New York is filling up with omakase sushi meals so quickly it’s hard to keep them straight, but 69 Leonard Street is one address to write on the back of your hand. The first half of the menu (available at three different lengths costing $190, $252 and $295) weaves some local ingredients into dishes that roughly follow the kaiseki format. This is a chance for the chef, Derek Wilcox, to freestyle a bit within that tradition’s prescribed boundaries, resulting in memorable hybrids like a late-summer chawan mushi made with East Coast lobster. The second half is a sequence of exceptional sushi, sliced and seasoned in the gimmick-free Edo manner. Either the sushi or kaiseki segments alone would be among the best of their type in the city, but the only place that does both this well is Shoji.
Missy Robbins has become the city’s leading practitioner of the bright, energetic, produce-centered branch of Italian cooking. Even in the winter, her food tastes like the afternoon sun beating down on a tomato patch. Misi is Missy (get it?) pared down to the things that show her skill off to greatest advantage, pasta and vegetables. The noodles, made on site, are a catalog of shapes, from long strangozzi with pork ragù to round, flat corzetti with cherry tomatoes warmed just enough to break their skins. For dessert there are six flavors of gelato, all with the same intensity and immediacy as the rest of the meal.
5. The Bar at Momofuku Ko
Officially, it’s just the bar for Ko, David Chang’s attempt to storm the palace of fine dining. It’s also the most experimental thing he has tried, a laboratory where Ko’s chef, Sean Gray, can give cooks a chance to learn new skills like making the gorgeous puff pastry for the formidable pork pie or to work out oddball ideas. “Animal sausage” is ground meat stuffed into a chicken neck that still has the head at one end; it looks like a Pez dispenser made by a serial-killer butcher. This may not be the safest place for a first date, but it is ideal for nights when you want to roll the dice.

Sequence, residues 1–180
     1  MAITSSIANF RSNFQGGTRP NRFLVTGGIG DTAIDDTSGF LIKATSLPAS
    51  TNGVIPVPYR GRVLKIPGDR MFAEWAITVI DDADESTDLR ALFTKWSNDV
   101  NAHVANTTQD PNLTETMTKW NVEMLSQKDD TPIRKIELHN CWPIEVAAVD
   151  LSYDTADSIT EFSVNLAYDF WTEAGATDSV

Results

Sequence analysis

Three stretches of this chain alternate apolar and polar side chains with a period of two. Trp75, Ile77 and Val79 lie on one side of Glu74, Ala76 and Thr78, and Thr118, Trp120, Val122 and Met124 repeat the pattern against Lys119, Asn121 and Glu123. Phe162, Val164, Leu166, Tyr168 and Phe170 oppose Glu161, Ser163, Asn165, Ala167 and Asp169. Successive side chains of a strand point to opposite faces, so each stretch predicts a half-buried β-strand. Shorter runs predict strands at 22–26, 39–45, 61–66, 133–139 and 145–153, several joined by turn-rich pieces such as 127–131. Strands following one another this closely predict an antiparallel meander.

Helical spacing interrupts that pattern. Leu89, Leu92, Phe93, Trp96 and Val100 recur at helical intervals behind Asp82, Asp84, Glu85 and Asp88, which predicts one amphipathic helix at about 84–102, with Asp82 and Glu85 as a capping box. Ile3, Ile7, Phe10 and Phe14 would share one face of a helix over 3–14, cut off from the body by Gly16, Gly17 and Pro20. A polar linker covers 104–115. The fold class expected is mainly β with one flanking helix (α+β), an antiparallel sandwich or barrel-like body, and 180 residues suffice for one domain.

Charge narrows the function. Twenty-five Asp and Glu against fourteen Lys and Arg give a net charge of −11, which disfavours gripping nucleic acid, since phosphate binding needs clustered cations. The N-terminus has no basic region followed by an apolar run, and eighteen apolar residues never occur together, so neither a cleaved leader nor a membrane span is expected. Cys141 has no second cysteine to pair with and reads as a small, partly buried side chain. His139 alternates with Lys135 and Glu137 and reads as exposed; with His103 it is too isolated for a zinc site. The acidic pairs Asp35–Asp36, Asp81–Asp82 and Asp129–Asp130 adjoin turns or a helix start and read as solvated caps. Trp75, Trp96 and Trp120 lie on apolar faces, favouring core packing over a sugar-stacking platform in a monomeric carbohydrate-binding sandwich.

6. La Mercerie
The only rough patch at this breakfast-through-dinner cafe comes at the beginning, when your server informs you that every piece of tableware can be purchased at the adjoining shop. After that it’s all as smooth as the melted butter in the pans where the crisp, savory buckwheat crepes are sizzled. Marie-Aude Rose, the chef, applies classical precision to eggs, salads, bouillon, boeuf bourguignon and other French cafe standards, which is more than you can say for some cafes in France.
7. Shabu Shabu Macoron
Mako Okano, the chef of this little Japanese hide-out on Delancey Street, loves shabu shabu so much that she decided to open a restaurant where she would cook it for every customer. Normally, it’s a do-it-yourself affair, but Ms. Okano’s evident pleasure in taking care of people brings a touching intimacy to the simple process of dunking meat and vegetables into hot broth. The shabu shabu meats are superb, from Wagyu beef crammed with fat streaks to exquisite chicken meatballs. But she has a lovely touch at the stove, too, whipping up an airy omelet before you notice her back is turned, or skimming swatches of yuba from hot soy milk to serve as a warm bed for a tongue or two of sea urchin.
8. Adda Indian Canteen
Chintan Pandya’s cooking is nothing if not energetic. At Rahi, in Greenwich Village, his plates are a whirlwind of local produce, Indian spices and gonzo notions. At Adda, the recipes are traditional, and all of Mr. Pandya’s ebullience goes into the seasoning. This is forcefully spiced food, although chiles aren’t always prominent in the mix. (When they are, buckle up.) The kaleji masala, or stewed chicken livers, employs a garam masala almost symphonic in its complexity. Cumin and cracked coriander make up the crust on the crunchy, twice-marinated bhatti da murgh. Adda may have been meant as a pit stop for students at LaGuardia Community College across the street, but those spices call out so loudly you can almost hear them in Manhattan.